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"Five Essential Tips for Caring for Your Solid Wood Furniture"

1. Manage The Humidity

We recommend trying to keep the humidity between 40 and 45 degrees in your home, which can be reliably achieved with the help of a humidifier/dehumidifier. With our notoriously dry winters and our notoriously humid summers, these appliances can be a godsend. Just make sure to store your table leaves somewhere that’s similar in humidity. If you store your leaves in a damp basement, with your table in a humidity-controlled environment, after a while they might look wonky together.

Other than those five tips, common sense should get you the rest of the way. Don’t bang your furniture around too much, and if you spill something, clean it up. The solid wood furniture we craft has the potential to be around for a number of lifetimes, as a family heirloom, with only a little bit of care and attention.

2. Use Coasters

Having people over? Break out those coasters, doilies, mitts, mats and whatever else you need to use to create a buffer between hot or cold surfaces and your solid Wood Table– your guests will understand. It’s not only that the different temperatures can be hard on the wood, but sliding a glass around or emphatically setting a teapot down on a bare wood surface can cause minor damage.

3. Address water issues immediately.

Whether your toddler spilled his water or an open window allowed a rogue rain storm to sprinkle the arms of your rocking chair, moisture needs to be dealt with immediately. There are two reasons for this. The first is that your furniture’s finish is only designed to protect the wood for a short time.

Any long-term exposure will destroy it. Secondly, as mentioned above, moisture causes wood to swell and this can lead to cracks and other undesirable changes in its appearance.

4. Remove built-up grime.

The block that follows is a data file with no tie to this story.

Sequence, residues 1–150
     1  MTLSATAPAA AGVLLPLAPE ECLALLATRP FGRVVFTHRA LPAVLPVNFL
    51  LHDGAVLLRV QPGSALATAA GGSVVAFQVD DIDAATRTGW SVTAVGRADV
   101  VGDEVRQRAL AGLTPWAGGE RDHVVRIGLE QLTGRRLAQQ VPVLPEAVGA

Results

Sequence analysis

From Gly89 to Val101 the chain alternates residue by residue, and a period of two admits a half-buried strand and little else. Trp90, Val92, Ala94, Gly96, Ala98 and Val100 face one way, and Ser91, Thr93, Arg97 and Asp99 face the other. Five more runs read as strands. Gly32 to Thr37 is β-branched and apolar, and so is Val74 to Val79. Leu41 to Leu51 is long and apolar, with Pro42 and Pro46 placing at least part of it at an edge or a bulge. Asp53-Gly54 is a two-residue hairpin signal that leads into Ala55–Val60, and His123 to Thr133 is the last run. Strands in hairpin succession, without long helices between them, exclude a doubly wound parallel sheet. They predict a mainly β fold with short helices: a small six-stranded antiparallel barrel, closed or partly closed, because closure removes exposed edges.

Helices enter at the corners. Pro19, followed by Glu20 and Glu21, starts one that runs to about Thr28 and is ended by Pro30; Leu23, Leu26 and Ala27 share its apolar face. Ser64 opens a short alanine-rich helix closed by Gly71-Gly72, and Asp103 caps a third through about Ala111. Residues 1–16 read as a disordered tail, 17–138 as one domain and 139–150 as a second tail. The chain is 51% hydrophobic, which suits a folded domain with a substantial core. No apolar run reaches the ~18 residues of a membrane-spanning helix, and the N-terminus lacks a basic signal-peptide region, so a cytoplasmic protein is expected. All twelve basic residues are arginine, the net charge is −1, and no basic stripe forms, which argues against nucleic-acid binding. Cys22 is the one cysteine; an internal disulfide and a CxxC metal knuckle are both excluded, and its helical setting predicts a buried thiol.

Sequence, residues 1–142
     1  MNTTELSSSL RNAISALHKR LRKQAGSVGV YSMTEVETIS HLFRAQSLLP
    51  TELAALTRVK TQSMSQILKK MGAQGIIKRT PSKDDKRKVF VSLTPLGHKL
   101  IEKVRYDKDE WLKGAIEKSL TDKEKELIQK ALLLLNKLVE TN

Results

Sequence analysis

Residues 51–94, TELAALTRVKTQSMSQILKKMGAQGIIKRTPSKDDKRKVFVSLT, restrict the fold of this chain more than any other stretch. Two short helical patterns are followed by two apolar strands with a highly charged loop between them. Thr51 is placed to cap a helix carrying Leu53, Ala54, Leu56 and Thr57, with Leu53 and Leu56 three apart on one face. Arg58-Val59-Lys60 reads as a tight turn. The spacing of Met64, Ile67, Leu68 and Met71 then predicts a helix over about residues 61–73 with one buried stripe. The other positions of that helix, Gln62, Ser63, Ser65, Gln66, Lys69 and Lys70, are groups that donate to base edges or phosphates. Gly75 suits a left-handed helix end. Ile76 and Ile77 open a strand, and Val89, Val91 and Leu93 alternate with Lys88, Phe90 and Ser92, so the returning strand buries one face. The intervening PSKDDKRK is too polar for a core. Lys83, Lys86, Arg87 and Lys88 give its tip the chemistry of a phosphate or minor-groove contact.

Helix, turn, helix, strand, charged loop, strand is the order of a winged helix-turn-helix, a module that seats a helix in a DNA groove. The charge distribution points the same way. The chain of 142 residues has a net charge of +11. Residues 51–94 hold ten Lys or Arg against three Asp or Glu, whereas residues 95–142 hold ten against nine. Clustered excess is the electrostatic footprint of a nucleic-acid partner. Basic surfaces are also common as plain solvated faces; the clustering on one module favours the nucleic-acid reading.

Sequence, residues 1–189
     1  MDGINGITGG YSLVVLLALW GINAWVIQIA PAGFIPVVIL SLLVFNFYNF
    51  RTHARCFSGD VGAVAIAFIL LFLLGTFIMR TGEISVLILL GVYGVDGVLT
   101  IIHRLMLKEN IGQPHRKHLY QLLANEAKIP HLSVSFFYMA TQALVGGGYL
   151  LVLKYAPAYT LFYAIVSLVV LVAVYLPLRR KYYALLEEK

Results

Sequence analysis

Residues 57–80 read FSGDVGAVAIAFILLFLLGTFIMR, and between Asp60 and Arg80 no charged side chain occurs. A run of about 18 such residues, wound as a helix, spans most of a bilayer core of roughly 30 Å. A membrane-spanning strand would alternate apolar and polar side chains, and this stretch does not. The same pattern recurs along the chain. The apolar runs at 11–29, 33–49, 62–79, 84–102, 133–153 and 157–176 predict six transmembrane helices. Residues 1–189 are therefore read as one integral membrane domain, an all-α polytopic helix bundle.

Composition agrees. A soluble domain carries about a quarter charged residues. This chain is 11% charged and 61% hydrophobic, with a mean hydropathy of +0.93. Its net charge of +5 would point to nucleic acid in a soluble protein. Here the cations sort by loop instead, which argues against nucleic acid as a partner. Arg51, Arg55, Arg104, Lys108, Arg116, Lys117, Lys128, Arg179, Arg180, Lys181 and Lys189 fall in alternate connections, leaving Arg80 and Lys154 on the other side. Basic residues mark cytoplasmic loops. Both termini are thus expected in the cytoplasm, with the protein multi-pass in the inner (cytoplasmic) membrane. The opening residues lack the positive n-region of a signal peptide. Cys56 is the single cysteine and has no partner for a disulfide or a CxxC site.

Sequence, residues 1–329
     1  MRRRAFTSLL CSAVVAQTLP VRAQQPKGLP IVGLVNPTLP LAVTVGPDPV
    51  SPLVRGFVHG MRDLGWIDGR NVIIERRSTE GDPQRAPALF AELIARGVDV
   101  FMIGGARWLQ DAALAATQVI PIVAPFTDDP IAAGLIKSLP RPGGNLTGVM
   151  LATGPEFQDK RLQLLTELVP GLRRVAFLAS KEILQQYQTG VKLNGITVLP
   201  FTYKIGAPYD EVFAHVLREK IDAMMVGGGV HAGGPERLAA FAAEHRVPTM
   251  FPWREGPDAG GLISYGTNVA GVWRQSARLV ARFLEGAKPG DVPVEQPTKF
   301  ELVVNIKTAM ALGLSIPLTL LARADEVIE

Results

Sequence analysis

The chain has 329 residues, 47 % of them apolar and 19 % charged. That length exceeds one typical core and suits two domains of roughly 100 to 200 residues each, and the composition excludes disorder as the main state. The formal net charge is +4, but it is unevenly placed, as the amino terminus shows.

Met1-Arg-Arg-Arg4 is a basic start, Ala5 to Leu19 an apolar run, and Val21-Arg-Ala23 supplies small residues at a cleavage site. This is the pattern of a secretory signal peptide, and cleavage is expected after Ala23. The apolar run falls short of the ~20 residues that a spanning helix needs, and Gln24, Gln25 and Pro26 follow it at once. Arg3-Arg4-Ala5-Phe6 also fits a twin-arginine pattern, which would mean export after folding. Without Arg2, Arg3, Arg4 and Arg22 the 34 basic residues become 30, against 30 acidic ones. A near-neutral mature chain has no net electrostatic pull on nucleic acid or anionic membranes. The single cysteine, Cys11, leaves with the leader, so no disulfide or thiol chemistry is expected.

Like attracts like, and grime attracts more grime. The goal here is to remove surface grime without damaging the furniture’s finish or the wood. Start with warm water and a mild dish detergent. Soak up a sponge with this solution, ring it out so it’s just damp, and try a sample spot.

You can also use mineral spirits. If this method works without damaging the finish, great. You can continue what you are doing and remove decades of accumulated dirt and grime (So, that’s what this table was supposed to look like…). If it doesn’t work (or the finish is altered) stop right there and contact a woodworking professional to make sure you don’t do any further damage.

5. Be wary of polishing or waxing your furniture.

Not all finishes are created equal, and this means that not all finishes should be polished or wax. Always adhere to the manufacturer’s instructions when it comes to polishing, waxing and the types of chemicals that can be used on your wood furniture and upholstery.

These instructions should have been provided by the furniture store where you purchased your pieces. If you don’t have the instructions any longer, we recommend taking a picture or brining the piece in to a furniture store that specializes in solid wood furniture to see what they advise.




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